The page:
I’m always deeply moved by the reactions I get to my music. It’s not for everyone but the people who do respond to it tend to really love it. I think because it’s so personal and intimate for me to share that that resonates with people who are looking for something a little deeper than is often pushed in the mainstream. I don’t know that I’m surprised so much as relieved to find I’m not alone in seeing the world differently.
What is the best advice you’ve been given in relation to music?
I’m not sure anyone ever gave me this advice but I remember reading it somewhere and it stuck in my head:
“In the battle between the river and the rock, the river will always win. Not through strength, but by persistence”. Confucius. I think that’s great advice, whatever you’re driven to do, when things get hard.
Do you have any hobbies or interests outside of music?
Are all hobbies about escapism? Maybe, anyway, I’m quite a nerd for tv, films, books, graphic novels and video games. I’m pretty fixated on RPGs with video games – I like exploring the open world types rather than sport or first-person shooters. I’m a sucker for superhero films and comics. I have a REALLY low bar for how good they have to be to get me to watch them! I just discovered the author N.K. Jemison and she’s writing some really original takes in the sci-fi genre. I’m a huge fan of sitcoms and comedy drama series… White Lotus, Hacks, Umbrella Academy have all been recent series that I’ve really enjoyed. I like things that involve me in an alternate narrative to take me away from my own brain, I guess.
What has been the high point of your career so far?
Probably getting to tour my own music and having such a warm and positive reaction to it. It’s not the easiest thing to get promoters to gamble on original music – especially in a jazz context it seems – so to do a program of Chick Corea greatest hits alongside my own compositions and have an audience respond that my music was the highlight of the evening was pretty special.
Which musician would you like to collaborate with?
The natural inclination is to think of the people you admire most but they’re often the people who also have the most similar approach. That’s generally not a good combination as you’re too similar for it to really work in practice. I love to collaborate with people who do things I’m not good at or will challenge me to look at things differently. I’ve had some really satisfying collaborations with vocalists as that’s not something I do myself. Although I really enjoy writing instrumental music, I can get equal pleasure from framing someone else’s approach. I’m always open to experimenting though so who knows what’s round the corner?
What accomplishments do you see yourself achieving in the next five to ten years?
I’m such a terrible planner. My focus has always been on experimenting and discovering what I’ve been up to at the end! I’ve been making Pointless Beauty since 2014 and this is the first time, I’ve even got round to really promoting an album properly… There are five studio albums, a whole bunch of singles and other side projects available on my bandcamp at music.alswainger.com already for instance. Reception for the new Hearts Full of Grace album has been really positive though so I’m confident we’ll be touring at some point. The best way to find out when is going to be by following my bandcamp account or joining my mailing list at alswainger.com and you’ll hear about that and future projects as they emerge.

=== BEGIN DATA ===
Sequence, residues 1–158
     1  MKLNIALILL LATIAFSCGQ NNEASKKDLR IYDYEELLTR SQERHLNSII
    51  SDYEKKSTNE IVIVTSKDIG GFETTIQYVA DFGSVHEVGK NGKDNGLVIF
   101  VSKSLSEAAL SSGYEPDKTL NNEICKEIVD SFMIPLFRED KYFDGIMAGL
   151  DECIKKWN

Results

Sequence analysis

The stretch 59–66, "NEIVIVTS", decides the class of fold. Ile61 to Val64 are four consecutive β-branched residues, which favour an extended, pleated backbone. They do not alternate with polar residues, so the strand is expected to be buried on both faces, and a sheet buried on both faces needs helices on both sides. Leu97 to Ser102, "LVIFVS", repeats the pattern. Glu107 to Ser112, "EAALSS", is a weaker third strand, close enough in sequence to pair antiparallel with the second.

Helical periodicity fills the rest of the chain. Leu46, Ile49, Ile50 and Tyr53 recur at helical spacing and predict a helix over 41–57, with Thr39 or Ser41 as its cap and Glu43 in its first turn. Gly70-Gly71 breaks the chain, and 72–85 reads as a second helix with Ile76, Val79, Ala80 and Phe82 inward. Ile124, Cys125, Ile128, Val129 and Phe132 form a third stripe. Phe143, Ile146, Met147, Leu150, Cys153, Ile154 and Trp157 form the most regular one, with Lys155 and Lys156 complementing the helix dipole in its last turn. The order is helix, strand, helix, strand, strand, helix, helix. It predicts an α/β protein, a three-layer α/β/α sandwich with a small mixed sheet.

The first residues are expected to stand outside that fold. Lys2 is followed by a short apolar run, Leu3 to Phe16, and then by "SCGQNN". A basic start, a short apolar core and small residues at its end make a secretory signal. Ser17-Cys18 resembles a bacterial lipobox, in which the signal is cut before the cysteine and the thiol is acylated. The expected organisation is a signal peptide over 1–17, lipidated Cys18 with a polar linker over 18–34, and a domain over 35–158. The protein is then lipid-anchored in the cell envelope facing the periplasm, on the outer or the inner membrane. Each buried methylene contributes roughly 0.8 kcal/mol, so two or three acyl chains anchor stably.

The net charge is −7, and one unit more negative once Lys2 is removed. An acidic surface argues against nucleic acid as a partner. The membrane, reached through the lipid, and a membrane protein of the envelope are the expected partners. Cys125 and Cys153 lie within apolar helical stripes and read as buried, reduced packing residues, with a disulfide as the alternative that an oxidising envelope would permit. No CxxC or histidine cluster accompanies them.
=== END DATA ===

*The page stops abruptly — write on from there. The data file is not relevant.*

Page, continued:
What is “Hearts Full of Grace” all about?
The title for the album was inspired by a Martin Luther King quote: “All we need to serve… is a heart full of grace, a soul generated by love”. I found this led me into a meditation on our place in the universe and how we strive to bring meaning to it. It helped remind me that however invisible and inadequate we feel at times, we never lose the power to enrich each other’s lives. No positive action is too small.
I think the way I contribute to those around me is by offering time and perspectives for reflection through art. To be outwardly healthy we need to be inwardly aware. Each of the tracks is crafted to represent narrative fragments of my reactions to the 2020 pandemic but also echo feelings I’ve had for much of my life. Navigating isolation is a huge theme amongst those experiences but I hope they offer a form of catharsis for people listening too.
The last track, Remember the Sky, is inspired by the poem ‘Remember’ by Joy Harjo. It’s intended as a final invitation to be at peace. An invitation to remember the value of community. An invitation to look beyond ourselves and feel freed.
Who and how many people worked on it?
I had a team of people I greatly respect working on this with me. Jon Clark (drums) is one of the most versatile and sympathetic players I know. Not many drummers will sound as great on an ambient soundscape as a driving samba! George Cooper (keys) also has an incredible rhythmic perception and has an incredible gift for comping on funk and odd time signatures. Ant Law (guitar) has a ferocious technique and you can hear him really take off on tunes like Two Steps. Gary Alesbrook (trumpet / flugel) shines throughout with the most haunting, lyrical and funky playing. We recorded in a blend of Crescent Studios in Swindon and my own home studio Other Compass. The album was mixed and mastered by Alex Killpartrick who I got in touch with after hearing his work on the first Snow Poet album. He has really detailed ears and an incredible clarity to his mixes that I just love. His mixing on my previous album After & Before is also amazing. All the artwork and sleeve design was done by me as well as playing bass, synths, programming, producing and editing.
If you had one message to give to your fans, what would it be?
Be the river!